5 Ways To Help Your Aging Parents With Housekeeping Tasks

Housekeeping tasks and your aging parents

As your mom and dad age, housekeeping tasks may become more of a challenge. Certain factors such as vision problems, side effects from medications, chronic pain, and certain medical conditions may limit your loved one’s ability to clean the house.

Here are five ways you can help your aging parent maintain a tidy home:

1. Cleaning Tool Extensions

Older adults may lack the mobility or range of motion to reach up in order to dust high shelves or ceiling fans.

Supplying your aging parent with feather dusters with telescopic handles or extensions can help minimize overreaching so that the individual can dust more comfortably, while lowering the risk for muscle strains or falling.

Extension tools are excellent alternatives to step ladders, which may make the person feel unstable or unsteady while doing housekeeping chores.

2. Self-Propelled Vacuum

A self-propelled, battery operated, or robotic vacuum cleaner will help your senior loved one enjoy clean floors without having to lift a finger.

These types of vacuum cleaners are “set it and forget it,” appliances and while they may not do the job perfectly, they work well in getting rid of dust and pet hair on hard floors and carpeted areas.

3. Microfiber Cleaning Cloths

Instead of exposing your elderly loved one to harsh cleaning chemicals when dusting, buy him or her a few microfiber cleaning clothes. Microfiber grabs dust and dirt, which helps to make cleaning glass tables, mirrors, and wood furniture almost effortless.

People with respiratory disorders may be unable to tolerate the fumes from glass cleaners or wood furniture polishes, and with microfiber cloths, they are not necessary. Microfiber cloths can be purchased at home improvement centers, hardware stores, and even some grocery stores. They can be rinsed out or washed in the machine and can be used over and over again.

4. Self-Cleaning Toilet Bowl Cleansers

Cleaning the toilet bowl is an unpleasant job and requires bending over or stooping. Self-cleaning tablets that stick or hang into the toilet bowl work well in eliminating rust and other stains from the porcelain bowl.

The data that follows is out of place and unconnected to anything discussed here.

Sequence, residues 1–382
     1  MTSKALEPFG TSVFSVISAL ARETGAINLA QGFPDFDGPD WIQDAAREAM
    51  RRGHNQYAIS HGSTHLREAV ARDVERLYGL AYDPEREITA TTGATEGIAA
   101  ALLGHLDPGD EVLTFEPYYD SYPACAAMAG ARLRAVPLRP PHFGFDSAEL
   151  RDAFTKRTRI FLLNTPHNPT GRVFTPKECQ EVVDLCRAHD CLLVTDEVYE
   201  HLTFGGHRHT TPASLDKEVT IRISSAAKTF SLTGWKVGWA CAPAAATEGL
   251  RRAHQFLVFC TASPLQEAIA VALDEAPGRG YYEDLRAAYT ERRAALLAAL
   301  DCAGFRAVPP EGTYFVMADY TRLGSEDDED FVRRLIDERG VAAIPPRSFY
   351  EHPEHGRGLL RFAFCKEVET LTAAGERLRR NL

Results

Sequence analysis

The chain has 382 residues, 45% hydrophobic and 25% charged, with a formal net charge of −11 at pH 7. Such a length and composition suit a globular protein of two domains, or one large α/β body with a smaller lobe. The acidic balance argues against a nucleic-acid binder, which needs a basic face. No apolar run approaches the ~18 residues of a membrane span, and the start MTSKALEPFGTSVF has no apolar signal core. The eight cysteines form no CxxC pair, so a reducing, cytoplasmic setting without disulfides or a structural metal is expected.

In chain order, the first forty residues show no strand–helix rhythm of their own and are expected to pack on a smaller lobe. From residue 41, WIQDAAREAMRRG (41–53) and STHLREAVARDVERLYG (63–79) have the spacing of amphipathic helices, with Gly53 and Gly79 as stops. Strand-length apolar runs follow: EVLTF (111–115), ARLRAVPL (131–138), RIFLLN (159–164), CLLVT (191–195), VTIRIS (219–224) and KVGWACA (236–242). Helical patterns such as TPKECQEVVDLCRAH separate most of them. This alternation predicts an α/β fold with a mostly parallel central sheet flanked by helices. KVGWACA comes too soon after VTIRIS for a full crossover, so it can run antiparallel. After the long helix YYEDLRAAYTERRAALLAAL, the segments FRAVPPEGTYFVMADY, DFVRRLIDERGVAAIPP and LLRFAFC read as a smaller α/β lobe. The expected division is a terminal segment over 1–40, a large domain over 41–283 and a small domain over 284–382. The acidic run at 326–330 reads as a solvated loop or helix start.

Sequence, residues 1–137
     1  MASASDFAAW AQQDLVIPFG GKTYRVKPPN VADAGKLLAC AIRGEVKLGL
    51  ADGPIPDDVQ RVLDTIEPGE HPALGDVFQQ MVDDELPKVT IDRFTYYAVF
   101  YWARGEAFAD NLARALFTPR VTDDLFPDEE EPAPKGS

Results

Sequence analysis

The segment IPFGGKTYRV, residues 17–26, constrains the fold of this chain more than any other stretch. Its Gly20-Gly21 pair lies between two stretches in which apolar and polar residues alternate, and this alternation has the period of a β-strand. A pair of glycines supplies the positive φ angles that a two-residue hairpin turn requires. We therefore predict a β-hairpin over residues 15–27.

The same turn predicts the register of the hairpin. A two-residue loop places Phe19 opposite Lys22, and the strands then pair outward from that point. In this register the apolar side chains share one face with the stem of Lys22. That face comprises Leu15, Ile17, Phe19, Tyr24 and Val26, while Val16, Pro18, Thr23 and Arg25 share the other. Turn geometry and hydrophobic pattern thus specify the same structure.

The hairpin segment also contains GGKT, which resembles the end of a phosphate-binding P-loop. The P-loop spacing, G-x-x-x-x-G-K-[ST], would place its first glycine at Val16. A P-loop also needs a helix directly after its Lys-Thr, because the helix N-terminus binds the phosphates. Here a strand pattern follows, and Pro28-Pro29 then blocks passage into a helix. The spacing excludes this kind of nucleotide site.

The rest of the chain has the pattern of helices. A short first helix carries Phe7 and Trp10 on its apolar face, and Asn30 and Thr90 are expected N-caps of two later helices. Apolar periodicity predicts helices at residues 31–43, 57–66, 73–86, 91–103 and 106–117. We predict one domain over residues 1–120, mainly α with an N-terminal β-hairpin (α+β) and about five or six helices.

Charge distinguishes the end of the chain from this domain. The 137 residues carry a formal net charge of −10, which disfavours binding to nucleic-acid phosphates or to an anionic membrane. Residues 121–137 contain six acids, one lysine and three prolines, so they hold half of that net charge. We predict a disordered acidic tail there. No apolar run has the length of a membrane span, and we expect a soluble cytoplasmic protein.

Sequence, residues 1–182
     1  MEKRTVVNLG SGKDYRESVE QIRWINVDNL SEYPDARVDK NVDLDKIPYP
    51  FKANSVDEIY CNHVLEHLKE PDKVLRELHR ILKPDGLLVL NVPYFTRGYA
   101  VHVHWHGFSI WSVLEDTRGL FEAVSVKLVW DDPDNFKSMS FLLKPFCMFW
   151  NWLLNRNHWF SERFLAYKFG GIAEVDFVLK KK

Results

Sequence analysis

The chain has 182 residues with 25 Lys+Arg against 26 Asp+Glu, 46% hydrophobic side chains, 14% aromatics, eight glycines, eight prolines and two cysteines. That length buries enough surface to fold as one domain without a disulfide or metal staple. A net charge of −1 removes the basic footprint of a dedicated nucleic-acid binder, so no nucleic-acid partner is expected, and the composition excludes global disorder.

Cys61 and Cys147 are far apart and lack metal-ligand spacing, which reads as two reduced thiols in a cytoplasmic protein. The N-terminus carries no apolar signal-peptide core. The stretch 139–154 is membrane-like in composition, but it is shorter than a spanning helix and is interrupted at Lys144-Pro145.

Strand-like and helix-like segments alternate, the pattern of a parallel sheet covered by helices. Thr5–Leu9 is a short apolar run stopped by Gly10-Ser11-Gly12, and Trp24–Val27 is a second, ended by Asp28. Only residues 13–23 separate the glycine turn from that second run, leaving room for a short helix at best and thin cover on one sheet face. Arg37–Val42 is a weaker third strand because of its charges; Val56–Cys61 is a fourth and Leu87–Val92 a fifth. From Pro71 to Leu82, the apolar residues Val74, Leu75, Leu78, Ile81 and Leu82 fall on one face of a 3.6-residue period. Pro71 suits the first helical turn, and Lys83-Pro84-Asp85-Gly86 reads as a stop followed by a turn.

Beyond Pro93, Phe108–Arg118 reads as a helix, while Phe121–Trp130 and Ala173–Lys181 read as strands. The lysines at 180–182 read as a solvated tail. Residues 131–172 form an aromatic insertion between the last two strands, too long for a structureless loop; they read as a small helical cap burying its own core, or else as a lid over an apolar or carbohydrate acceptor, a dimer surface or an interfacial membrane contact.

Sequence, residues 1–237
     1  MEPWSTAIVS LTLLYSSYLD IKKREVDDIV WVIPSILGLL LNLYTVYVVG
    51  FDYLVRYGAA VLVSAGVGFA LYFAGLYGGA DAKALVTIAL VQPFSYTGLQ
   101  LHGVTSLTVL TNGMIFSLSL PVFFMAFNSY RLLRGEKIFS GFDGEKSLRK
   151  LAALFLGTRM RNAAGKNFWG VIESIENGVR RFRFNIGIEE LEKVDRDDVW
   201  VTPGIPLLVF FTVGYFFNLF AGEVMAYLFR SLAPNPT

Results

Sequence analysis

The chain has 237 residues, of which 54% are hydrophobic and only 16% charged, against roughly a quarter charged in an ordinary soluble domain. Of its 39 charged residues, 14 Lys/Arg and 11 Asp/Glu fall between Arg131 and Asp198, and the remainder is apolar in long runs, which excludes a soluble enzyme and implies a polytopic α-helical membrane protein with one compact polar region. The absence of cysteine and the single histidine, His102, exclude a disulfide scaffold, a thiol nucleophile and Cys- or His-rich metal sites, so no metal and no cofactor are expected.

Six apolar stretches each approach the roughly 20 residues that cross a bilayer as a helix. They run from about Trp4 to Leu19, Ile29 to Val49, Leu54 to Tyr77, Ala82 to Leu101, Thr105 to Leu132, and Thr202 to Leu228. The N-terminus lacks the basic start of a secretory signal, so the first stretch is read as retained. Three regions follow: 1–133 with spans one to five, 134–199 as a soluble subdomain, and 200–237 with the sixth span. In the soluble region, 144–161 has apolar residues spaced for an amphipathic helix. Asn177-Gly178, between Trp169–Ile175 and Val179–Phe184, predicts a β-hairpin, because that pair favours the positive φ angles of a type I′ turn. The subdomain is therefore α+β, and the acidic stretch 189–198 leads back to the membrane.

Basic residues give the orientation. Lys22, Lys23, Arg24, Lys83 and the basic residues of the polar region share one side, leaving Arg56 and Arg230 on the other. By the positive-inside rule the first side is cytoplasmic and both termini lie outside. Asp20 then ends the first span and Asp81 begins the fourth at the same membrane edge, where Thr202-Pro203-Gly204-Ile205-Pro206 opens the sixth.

These products also help sanitize and get rid of odors. Self-cleaning toilet bowl cleaners eliminate scrubbing with a toilet brush and are more sanitary. Toilet brushes are a breeding ground for bacteria, and if your loved one accidentally touches the contaminated brush, they can get sick, especially if they have a pre-existing condition or a compromised immune system.

5. Teamwork

While supplying your parent with cleaning tools to help ease the burden of housekeeping can be a great help, teaming up with your loved one can be an even greater help.

If your parent is physically and cognitively able to perform housekeeping tasks, offering a helping hand will be much appreciated. Working as a team will get the work done faster and may also provide social interaction and bonding for seniors who are lonely.

You May Need To Get Outside Help

If none of the aforementioned interventions are viable options, consider relying on the services of a home health or housekeeping company to do the cleaning.

Their services include light housekeeping, laundry services, meal preparation, and even heavy-duty tasks such as cleaning the carpets, moving furniture, and making household repairs. You can schedule housekeeping visits on a weekly or monthly basis, depending on the needs of your parent.

By helping to lighten the load of your elderly parent’s housekeeping tasks, he or she will gain a sense of self-confidence, more independence, and pride.

Cleaning the house will also help the individual stay active through moderate activity and may also have a positive effect on the mood, while helping to lower blood pressure and stabilizing blood sugar levels.

Even mild spurts of exercise during housecleaning can have favorable effects on the hypertensive or diabetic patient.

Before allowing your parent to take on housekeeping tasks, check with the physician to make sure that the person is healthy enough to perform the duties.

If you need more tips, consider picking up a copy of the book: How to Care for Aging Parents. You’ll find lots of practical tips on a variety of issues.

About Tyler Fortman 13 Articles
Tyler Fortman writes about men’s interest topics, including mental health, self-esteem, science, and sports research. A licensed psychologist, he holds a Ph.D. from the Ohio State University. Be sure to follow Tyler on on Twitter